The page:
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POE::Component::DBIAgent
POE Component for running asynchronous DBI calls.

POE::Component::DBIAgent - POE Component for running asynchronous DBI calls.


NAME

POE::Component::DBIAgent - POE Component for running asynchronous DBI calls.


SYNOPSIS


 sub _start {

    my ($self, $kernel, $heap) = @_[OBJECT, KERNEL, HEAP];

    $heap->{helper} = POE::Component::DBIAgent->new( DSN => [$dsn,

                                               $username,

                                               $password

                                              ],

                                       Queries => $self->make_queries,

                                       Debug => 1,

                                     );

        # Queries takes a hashref of the form:

        # { query_name => 'select blah from table where x = ?',

        #   other_query => 'select blah_blah from big_view',

        #   etc.

        # }

    $heap->{helper}->query(query_name => session => 'get_row_from_dbiagent');

 }

 sub get_row_from_qa {

    my ($kernel, $self, $heap, $row) = @_[KERNEL, OBJECT, HEAP, ARG0];

    if ($row ne 'EOF') {

 # {{{ PROCESS A ROW

        #row is a listref of columns

 # }}} PROCESS A ROW

    } else {

 # {{{ NO MORE ROWS

        #cleanup code here

 # }}} NO MORE ROWS

    }

 }


DESCRIPTION

The DBIAgent is your answer to non-blocking DBI in POE.

It fires off child processes (configurable, defaults to 3) and feeds database queries to it via two-way pipe (or however Wheel::Run is able to manage it). The only method is query().

Usage

Not EVERY query should run through the DBI agent. If you need to run a short query within a state, sometimes it can be a hassle to have to define a whole seperate state to receive it's value. The determining factor, of course, is how long your query will take. If you are trying to retrieve one row from a properly indexed table, use $dbh->selectrow_array(). If there's a join involved, or multiple rows, or a view, use DBIAgent. If it's a longish query and startup costs don't matter to you, do it inline. If startup costs DO matter, use the Agent.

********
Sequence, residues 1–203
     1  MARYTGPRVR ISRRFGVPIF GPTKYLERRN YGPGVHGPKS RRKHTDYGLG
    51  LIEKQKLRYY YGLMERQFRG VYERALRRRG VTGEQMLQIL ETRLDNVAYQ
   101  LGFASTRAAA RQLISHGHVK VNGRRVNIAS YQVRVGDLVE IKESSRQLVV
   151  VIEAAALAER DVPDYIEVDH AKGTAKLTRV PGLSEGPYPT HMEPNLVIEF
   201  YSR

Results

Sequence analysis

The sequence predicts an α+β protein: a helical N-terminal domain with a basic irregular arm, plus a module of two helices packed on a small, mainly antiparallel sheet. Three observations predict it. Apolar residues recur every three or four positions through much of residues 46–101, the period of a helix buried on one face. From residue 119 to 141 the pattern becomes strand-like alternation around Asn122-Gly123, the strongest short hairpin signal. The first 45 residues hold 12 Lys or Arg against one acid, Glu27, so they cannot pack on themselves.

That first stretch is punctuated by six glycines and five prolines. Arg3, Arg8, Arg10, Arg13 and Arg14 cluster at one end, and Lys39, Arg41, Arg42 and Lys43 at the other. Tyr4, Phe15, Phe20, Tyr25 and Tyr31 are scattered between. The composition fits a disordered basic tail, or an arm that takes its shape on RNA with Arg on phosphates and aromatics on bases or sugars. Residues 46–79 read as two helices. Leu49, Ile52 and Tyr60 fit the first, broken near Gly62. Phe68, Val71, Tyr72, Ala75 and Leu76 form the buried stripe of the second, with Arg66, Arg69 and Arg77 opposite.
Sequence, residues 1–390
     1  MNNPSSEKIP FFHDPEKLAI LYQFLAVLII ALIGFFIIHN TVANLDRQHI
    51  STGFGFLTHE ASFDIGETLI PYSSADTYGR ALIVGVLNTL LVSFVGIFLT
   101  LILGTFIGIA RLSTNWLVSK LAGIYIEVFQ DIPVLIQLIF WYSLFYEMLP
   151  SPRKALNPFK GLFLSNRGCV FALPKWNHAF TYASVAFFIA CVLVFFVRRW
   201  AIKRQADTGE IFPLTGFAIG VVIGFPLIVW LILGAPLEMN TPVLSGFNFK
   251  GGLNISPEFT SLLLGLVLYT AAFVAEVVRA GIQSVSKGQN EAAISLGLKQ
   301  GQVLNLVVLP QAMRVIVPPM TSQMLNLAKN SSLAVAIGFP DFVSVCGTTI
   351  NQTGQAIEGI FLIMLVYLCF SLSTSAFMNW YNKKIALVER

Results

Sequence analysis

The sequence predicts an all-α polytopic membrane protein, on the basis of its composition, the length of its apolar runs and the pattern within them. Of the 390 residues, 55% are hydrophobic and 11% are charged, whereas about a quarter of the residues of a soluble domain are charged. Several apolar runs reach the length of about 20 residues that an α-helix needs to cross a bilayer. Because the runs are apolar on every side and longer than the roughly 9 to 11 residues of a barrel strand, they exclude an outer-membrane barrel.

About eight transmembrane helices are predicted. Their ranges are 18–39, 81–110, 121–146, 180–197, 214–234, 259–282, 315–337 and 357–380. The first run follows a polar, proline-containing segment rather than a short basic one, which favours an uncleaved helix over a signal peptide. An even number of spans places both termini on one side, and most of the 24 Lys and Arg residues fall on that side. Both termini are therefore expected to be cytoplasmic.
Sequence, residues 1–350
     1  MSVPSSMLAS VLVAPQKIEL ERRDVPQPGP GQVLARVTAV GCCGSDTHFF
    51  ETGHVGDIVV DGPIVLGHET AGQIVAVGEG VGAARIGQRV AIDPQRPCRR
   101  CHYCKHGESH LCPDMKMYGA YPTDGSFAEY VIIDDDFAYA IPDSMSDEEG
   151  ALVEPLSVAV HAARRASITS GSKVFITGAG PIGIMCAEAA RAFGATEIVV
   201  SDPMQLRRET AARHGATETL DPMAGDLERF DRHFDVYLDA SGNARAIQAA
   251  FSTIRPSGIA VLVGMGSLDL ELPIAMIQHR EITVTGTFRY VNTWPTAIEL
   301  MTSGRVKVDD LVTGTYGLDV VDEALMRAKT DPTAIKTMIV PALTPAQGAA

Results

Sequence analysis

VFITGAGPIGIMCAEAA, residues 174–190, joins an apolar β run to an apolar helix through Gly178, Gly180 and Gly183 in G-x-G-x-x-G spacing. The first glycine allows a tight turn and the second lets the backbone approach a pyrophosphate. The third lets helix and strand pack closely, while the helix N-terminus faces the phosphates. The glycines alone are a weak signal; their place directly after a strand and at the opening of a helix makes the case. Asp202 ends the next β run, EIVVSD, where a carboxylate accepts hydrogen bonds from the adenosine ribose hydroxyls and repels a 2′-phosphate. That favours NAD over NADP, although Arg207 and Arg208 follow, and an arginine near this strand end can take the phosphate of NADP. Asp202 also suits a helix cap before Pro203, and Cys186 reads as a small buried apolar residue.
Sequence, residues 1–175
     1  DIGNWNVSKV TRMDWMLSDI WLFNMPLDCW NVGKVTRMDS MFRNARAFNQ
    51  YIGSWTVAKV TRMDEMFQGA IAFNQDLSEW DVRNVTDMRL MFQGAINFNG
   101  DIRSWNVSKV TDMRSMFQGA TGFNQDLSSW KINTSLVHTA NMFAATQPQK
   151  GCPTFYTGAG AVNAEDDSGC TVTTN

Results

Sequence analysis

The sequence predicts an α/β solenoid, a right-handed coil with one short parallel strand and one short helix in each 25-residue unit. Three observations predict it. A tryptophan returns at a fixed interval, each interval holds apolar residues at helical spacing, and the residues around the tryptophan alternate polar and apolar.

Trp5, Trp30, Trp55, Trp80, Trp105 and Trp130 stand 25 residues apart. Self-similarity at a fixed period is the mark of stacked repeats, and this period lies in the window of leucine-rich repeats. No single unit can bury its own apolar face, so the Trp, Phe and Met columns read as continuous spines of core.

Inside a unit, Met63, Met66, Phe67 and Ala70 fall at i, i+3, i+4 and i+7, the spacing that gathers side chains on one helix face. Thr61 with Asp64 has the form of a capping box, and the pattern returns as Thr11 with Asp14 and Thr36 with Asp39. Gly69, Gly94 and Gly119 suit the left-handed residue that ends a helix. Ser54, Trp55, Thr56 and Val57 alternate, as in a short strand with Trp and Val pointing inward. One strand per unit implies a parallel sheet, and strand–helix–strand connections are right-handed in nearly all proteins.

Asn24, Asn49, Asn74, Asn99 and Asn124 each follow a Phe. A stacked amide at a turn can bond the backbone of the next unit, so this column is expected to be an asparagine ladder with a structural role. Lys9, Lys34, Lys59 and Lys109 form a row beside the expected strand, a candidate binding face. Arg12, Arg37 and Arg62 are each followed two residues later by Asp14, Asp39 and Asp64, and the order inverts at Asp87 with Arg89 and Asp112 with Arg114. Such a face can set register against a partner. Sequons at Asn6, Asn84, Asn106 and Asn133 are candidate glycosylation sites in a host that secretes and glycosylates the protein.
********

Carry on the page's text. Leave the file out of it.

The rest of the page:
Return Values

The state in the session specified in the call to query() will receive in its ARG0 parameter the return value from the query. If your query returns multiple rows, then your state will be called multiple times, once per row. ADDITIONALLY, your state will be called one time with ARG0 containing the string 'EOF'. For DML (INSERT, UPDATE, DELETE), this is the only time. A way to utilise this might be as follows:


 sub some_state {

     #...

     if ($enough_values_to_begin_updating) {

         $heap->{dbiagent}->query(update_values =>

                                  this_session =>

                                  update_next_value =>

                                  shift @{$heap->{values_to_be_updated}}

                                 );

     }

 }

 sub update_next_value {

     my ($self, $heap) = @_[OBJECT, HEAP];

     # we got 'EOF' in ARG0 here but we don't care

     for (1..3) {               # Do three at a time!

         my $value;

         last unless defined ($value = shift @{$heap->{values_to_be_updated}});